Power is the rate of energy use. The unit is watts. One watt equals one joule per second. Watt-hour or more common kilowatt-hour is also a unit of energy. It is preferred by your electric company because using joules on your electric bill would result in huge numbers. One kilowatt-hour equals 3.6 million joules. Of course were they to use joules it might give us the impression of getting more for our money. Kind of like getting your change in pennies.
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Old 09-02-2019, 02:06 PM   #29
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Baloney on absorption refrigerators only lowering the temperature 40 degrees, see my readings below and do your own math
Top is the refrigerator, middle is the freezer and bottom is ambient.
This is on my 1999 manual refrigerator running on propane with modifications any handy person can do. A simple fix will keep the pilot light from blowing out also. Casita switched to automatic refrigerators in 2005 but I think my manual is fantastic.
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Old 09-02-2019, 02:59 PM   #30
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... A simple fix will keep the pilot light from blowing out also. Casita switched to automatic refrigerators in 2005 but I think my manual is fantastic.
I agree that manual is better. Designing a fridge so that it requires electrical power (even if it is just a little) is defeating the primary advantage of using a propane fueled fridge. BTW, its not a pilot light.
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Old 09-02-2019, 03:25 PM   #31
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BTW, its not a pilot light.

Good point and it's a common mistake.
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Old 09-15-2019, 10:14 AM   #32
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Originally Posted by gordon2 View Post
I dont think you have necessarily been misinformed. I have seen an absorption fridge struggle in very hot weather. I have read A LOT from people who have also, and done many things to improve performance such as add fans, shade cloth, etc. Google "absorption fridge performance in hot weather" and you can also read A LOT about it.



But perhaps your concern is exaggerated. My Dometic 2410 does quite well the majority of the time. Properly used it only has some trouble in the hottest of weather. The main issue is recovery time becoming very long, so once the internal temp goes up due to it being off for a short trip, or opened a lot (for examples) then it takes longer to get back to a good temp. And the flame never blows out on the road but I have heard that others have that issue. Its been suggested that a port side fridge is more susceptible to blow outs.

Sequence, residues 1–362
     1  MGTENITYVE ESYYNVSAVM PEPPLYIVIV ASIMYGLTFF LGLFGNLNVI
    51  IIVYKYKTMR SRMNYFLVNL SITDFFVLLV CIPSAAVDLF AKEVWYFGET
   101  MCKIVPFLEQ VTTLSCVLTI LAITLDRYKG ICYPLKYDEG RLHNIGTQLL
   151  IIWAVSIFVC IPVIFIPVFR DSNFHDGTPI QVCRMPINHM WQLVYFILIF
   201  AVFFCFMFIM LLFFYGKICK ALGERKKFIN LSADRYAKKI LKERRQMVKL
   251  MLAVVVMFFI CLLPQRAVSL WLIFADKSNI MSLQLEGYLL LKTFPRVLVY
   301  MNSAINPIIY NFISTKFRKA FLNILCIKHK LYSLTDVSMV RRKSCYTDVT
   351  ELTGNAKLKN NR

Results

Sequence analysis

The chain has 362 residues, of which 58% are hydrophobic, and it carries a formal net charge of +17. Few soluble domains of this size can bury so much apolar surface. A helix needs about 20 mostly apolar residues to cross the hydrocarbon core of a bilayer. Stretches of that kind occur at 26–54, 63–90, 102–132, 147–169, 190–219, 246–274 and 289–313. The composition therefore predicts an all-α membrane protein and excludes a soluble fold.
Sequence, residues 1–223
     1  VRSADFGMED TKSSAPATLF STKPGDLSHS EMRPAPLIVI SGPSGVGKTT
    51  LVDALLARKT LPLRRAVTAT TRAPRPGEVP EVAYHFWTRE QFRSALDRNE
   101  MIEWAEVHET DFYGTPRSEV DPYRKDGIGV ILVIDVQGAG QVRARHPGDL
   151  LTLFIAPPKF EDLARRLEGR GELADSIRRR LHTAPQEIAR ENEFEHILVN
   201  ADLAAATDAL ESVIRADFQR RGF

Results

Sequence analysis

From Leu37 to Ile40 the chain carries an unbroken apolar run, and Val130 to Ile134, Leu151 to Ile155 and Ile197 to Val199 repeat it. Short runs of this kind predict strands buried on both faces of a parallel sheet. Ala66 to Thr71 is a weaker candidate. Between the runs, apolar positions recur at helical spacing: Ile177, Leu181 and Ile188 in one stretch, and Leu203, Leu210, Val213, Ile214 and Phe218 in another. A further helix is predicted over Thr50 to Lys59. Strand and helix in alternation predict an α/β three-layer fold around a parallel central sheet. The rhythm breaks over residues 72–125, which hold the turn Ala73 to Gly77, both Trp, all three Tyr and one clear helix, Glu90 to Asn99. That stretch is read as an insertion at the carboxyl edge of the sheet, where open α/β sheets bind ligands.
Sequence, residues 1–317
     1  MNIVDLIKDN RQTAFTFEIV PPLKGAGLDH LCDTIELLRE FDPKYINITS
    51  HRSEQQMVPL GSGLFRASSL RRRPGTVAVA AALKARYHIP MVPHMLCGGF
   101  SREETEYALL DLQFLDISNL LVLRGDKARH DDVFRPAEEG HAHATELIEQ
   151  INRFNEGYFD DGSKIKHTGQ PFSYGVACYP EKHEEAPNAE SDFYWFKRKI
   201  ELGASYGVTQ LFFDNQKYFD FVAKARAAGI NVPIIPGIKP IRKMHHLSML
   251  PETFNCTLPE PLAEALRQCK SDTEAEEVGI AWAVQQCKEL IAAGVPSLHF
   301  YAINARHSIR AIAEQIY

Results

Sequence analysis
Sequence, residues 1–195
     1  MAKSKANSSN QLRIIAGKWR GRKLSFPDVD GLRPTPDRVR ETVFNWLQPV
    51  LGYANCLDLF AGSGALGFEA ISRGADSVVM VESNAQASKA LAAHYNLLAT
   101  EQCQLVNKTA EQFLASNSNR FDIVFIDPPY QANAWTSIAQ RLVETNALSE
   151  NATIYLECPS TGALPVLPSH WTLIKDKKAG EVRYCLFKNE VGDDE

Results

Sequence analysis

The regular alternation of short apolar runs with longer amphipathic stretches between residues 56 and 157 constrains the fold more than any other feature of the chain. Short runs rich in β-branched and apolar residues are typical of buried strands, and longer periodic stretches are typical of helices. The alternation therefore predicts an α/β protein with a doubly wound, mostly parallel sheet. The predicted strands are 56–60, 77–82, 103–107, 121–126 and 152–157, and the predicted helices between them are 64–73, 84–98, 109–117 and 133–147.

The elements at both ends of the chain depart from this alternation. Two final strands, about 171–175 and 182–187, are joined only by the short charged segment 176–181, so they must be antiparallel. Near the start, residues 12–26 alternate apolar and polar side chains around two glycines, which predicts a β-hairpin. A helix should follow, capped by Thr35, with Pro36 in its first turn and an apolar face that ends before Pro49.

But when reading about the issue, remember that performance is affected by many things like model and size, outside temps, frequency of door opening, side door vs top door, distribution of contents (to allow internal air circulation), etc. IMHO one of the big factors is roof exhaust vent vs side vent. I do think that a roof vent provides much improved performance.



It depends on your camping. If you dont need to cool very much food or drink, and can manage to supply up to 35 amp-hours every day* (plus whatever else you use outside the fridge), then a Danfoss type fridge might work best. But if you are boondocking and dont have that much power available (think solar) then an absorption fridge is likely the only good option.



Most new absorption fridges now use an electric control board. They do not use much power at all for the control board (when on propane) but they do require it and cease to function if your power dies. My 2015 Dometic RM2410 does not however and will run on propane with no electric for as long as you have gas (a month or more on a 20lb tank).



The one cubic foot Danfoss compressor fridge I have is AC/DC which is nice, and it can function as a chest freezer, easily getting to and maintaining zero Fahrenheit (at the cost of greater power use).



So the right tool for the right job.

-----------------------



* In hot weather. Less in cool weather, if fridge is left closed, etc.


Very good summary. I too think one of the largest factors is venting and roof venting is far better. I have a 1300 Trillium with side venting and Iím seriously considering adding a stack thru the roof. Fans help considerably, but eat electrical power while good convection is free.